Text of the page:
New ALICE® report reveals that a substantial 156,004 of those who served our country struggled to make ends meet in Virginia.

Fredericksburg, VA – They’ve served and sacrificed for our country yet nearly one quarter — 24% — of Virginia’s 649,113 veterans struggle to afford the basics, according to a new report from Rappahannock United Way and its research partner United For ALICE.

In 2019, while 4% of the state’s veterans were deemed in poverty, 20% — five times as many — were ALICE (Asset Limited, Income Constrained, Employed). ALICE households earn more than the Federal Poverty Level but less than what it costs to live and work in the modern economy. Combined, 24% of Virginia’s veterans were below the ALICE Threshold of Financial Survival, with income that doesn’t meet the basic costs of housing, child care, health care, transportation, and a smartphone plan.

“Freedom comes with the responsibility to ensure that those who have served and sacrificed don’t struggle to make ends meet once they return home,” said Rappahannock United Way’s Chief Impact Officer, Sarah Walsh. “Although veterans do have additional supports not afforded nonveterans, clearly there’s still room for improvement.”

The ALICE in Focus: Veterans report and interactive tools reveal that while veterans show lower rates of financial hardship than individuals who never served, Virginia’s veterans face some tougher financial hurdles than their counterparts in neighboring states.

For example, 38% of Virginia’s veterans earning below the ALICE Threshold spent more than 35% of their income on a mortgage, utilities, tax, and insurance. That’s in comparison with 21% in West Virginia and 40% in Maryland. And for renters, Virginia had the second highest rate among neighboring states for struggling veterans being rent burdened at 56%.

In addition, just 11% of Virginia’s financially insecure veterans participated in the Supplemental Nutrition Assistance Program (SNAP), in comparison with 15% in Tennessee and 19% in West Virginia.

Nonetheless, there are some lessons to be learned from the data, said United For ALICE National Director Stephanie Hoopes, Ph.D. The state’s veterans are slightly better off than nonveterans with 24% struggling to make ends meet compared to 34% of adults who never served.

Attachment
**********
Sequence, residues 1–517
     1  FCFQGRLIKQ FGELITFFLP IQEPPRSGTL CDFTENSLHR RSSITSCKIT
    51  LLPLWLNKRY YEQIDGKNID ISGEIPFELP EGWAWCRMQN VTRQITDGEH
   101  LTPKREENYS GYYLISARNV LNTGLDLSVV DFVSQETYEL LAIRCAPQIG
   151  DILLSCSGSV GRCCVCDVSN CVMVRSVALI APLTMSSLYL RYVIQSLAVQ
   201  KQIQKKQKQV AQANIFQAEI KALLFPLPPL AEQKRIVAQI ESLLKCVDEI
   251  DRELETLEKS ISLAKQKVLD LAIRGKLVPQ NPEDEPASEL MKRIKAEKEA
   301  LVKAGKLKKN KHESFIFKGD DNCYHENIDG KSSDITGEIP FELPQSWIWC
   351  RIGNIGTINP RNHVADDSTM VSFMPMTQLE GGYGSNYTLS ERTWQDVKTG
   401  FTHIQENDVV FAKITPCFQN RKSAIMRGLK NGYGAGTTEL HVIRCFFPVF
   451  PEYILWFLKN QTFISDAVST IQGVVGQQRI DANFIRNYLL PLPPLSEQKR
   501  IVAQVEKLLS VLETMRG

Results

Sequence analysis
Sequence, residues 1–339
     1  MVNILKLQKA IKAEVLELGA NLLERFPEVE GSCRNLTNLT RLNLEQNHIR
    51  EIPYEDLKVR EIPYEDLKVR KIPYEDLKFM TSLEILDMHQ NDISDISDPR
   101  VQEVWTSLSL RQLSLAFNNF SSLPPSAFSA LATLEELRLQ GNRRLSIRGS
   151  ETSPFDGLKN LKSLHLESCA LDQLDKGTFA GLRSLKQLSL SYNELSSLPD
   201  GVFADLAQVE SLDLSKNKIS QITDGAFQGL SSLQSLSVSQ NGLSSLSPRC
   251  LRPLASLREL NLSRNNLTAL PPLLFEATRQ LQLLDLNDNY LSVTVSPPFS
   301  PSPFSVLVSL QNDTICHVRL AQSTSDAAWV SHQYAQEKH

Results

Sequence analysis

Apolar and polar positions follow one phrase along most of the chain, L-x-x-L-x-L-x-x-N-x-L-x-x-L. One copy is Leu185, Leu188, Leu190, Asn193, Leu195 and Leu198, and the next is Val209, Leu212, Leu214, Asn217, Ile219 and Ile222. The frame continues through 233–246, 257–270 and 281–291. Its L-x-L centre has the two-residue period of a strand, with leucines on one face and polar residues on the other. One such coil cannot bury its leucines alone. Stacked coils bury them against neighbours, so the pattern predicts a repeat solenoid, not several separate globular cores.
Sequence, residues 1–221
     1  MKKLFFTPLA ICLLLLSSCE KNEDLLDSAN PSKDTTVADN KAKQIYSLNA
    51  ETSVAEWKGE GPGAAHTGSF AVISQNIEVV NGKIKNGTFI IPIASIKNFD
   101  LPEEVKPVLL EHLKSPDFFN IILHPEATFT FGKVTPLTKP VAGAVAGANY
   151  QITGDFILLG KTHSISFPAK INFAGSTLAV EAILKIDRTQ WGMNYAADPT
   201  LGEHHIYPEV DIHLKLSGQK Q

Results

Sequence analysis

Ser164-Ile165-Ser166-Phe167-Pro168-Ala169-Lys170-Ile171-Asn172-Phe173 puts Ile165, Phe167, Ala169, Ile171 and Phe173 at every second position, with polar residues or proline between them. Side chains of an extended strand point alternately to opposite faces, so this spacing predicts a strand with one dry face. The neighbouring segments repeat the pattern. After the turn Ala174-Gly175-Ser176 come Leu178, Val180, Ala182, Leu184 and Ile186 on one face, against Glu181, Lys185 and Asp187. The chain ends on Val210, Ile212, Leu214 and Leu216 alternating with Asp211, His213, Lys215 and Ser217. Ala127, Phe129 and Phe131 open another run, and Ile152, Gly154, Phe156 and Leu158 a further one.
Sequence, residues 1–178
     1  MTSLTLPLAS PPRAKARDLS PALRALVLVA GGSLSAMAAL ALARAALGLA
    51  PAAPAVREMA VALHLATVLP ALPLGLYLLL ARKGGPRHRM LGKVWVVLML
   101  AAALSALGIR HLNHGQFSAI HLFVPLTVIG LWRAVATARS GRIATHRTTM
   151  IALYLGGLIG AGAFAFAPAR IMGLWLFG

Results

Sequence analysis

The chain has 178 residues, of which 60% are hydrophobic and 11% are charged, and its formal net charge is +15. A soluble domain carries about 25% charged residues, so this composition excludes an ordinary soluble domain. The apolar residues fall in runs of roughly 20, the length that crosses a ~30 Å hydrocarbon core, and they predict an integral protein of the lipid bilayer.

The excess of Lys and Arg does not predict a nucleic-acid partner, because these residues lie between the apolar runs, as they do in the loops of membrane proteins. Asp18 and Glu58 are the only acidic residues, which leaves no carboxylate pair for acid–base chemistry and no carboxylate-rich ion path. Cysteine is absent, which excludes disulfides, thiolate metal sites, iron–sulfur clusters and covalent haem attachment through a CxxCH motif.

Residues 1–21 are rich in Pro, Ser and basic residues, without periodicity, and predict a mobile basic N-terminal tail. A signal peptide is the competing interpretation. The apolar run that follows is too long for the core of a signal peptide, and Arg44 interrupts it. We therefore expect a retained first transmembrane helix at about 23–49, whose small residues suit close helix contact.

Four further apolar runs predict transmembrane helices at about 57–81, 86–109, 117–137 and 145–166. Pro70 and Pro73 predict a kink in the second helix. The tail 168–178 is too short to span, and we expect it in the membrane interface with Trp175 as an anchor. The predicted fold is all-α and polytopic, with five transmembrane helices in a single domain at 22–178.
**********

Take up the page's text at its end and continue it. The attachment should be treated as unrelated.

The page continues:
“Veterans have higher rates of full-time employment, are more likely to be homeowners, and have more comprehensive health insurance coverage and disability benefits,” Hoopes said. “This suggests that the supports afforded veterans are making a difference and could provide invaluable insights for developing strategies that help nonveterans facing financial hardship.”

Other findings from ALICE in Focus: Veterans include:

  1. Racial and ethnic inequities persist with 30% of Black veterans, 28% of Asian veterans, and 25% of Hispanic veterans living below the ALICE Threshold compared to 22% of White veterans.
  2. Veterans with disabilities struggled more to afford the basics — 35%—compared to 21% of veterans without disabilities.
  3. Inequities also appear for Black and Hispanic veterans with disabilities — 42% and 34% lived below the ALICE Threshold respectively in comparison with 33% of White veterans with disabilities.
  4. While working, veterans still experience financial hardship with 13% of veterans with full-time employment living below the ALICE Threshold and 36% of veterans working part-time.
  5. Of veterans who graduated high school but had not completed post-secondary education, 34% were living below the ALICE Threshold.

More data is available through the ALICE in Focus: Veterans interactive data dashboard, which provides filters for regional and local geographies, age, race, disability status, living arrangements, work status, and proximity to military bases. Visit

ALICE in Focus: Veterans marks the third installment in the ALICE in Focus Research Series, which draws from the U.S. Census Bureau’s American Community Survey (ACS) Public Use Microdata Samples (PUMS). Each installment in the series highlights a specific segment within the ALICE demographic. The other installments focused on children and people with disabilities.